Tuesday, 14 January 2014
Last chance to comment on bus changes
Lancashire County Council is reminding people they have until Friday (17th January) to respond to a consultation on possible changes to public transport.
The council is proposing to reduce support for buses to focus on maintaining services during the daytime and ensure the county's most vulnerable people can access public transport - but the proposals have been met with fury from bus users and condemned by transport experts and some political parties.
Locally, bus services to Freehold, the Ridge the Marsh and Vale estates in Lancaster and Skerton, Heysham, Morecambe, Carnforth, Hest Bank Railway Station, Bolton-le-Sands and Overton are among those that would be lost if the plan goes ahead.
The Council says the plans will look to save £3.8m over two years which would see funding withdrawn for evening and Sunday services that currently receive council subsidies to allow them to operate.
The proposals are being consulted on as part of the council's budget for 2014, as it confronts an unprecedented financial challenge, needing to save £300m over the next four years due to central government cuts.
In addition, the council proposes to invest a further £500, 000 in dial-a-ride services to ensure community transport providers have the capacity to cater for those most in need.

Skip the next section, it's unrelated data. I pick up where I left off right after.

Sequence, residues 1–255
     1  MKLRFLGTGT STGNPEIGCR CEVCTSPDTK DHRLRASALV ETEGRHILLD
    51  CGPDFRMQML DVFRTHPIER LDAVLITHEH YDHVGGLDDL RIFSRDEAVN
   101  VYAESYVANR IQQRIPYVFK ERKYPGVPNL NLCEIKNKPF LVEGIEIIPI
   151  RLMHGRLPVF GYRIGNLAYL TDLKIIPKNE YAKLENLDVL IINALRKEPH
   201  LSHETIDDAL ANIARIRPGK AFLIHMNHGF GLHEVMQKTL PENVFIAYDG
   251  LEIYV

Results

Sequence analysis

Professor John Whitelegg, who is a visiting Professor of Sustainable Transport at Liverpool John Moores University and Professor of Sustainable Development at University of York's Stockholm Environment Institute, has condmened the plans saying they are a "savage attack" on public transport in this area
"They will damage the lives of older people and those who do not own a car," he argues, "and they are yet another attack on low income groups and those who live in rural areas."
"This will lead to greater car use and an inability to travel at those times for anyone who does not have a car, so particularly the young, the old and the poor," argues Caton resident Ursula Gallie, who has launced an online petition to try to save the Kirkby Lonsdale service.
"It will undermine efforts to cut down on car use, add to traffic in Lancaster, put pressure on parking and undermine campaigns to reduce carbon emissions."
Lancaster MP Eric Ollerenshaw has already raised questions in the House of Commons about the proposals and is taking the matter up with the Secretary of State for Transport.
80 per cent of bus services in Lancashire are run by private companies on a commercial basis because they are profitable. The remaining 20 per cent are not commercially viable and are currently subsidised by around £8m from the county council each year.
The proposal would see subsides withdrawn from 72 evening and Sunday services from 18th May 2014.
The county council's budget will be decided at a meeting of the Full Council on 20th February.
• You can view the consultation documents and the full list of services affected at www.lancashire.gov.uk/haveyoursay and respond on the website. You can also email responses to email@example.com or by post to Bus and Supported Transport Manager, Lancashire County Council, Room D3, PO Box 100, County Hall, Preston, PR1 0LD. The closing date for responses is Friday 17th January 2014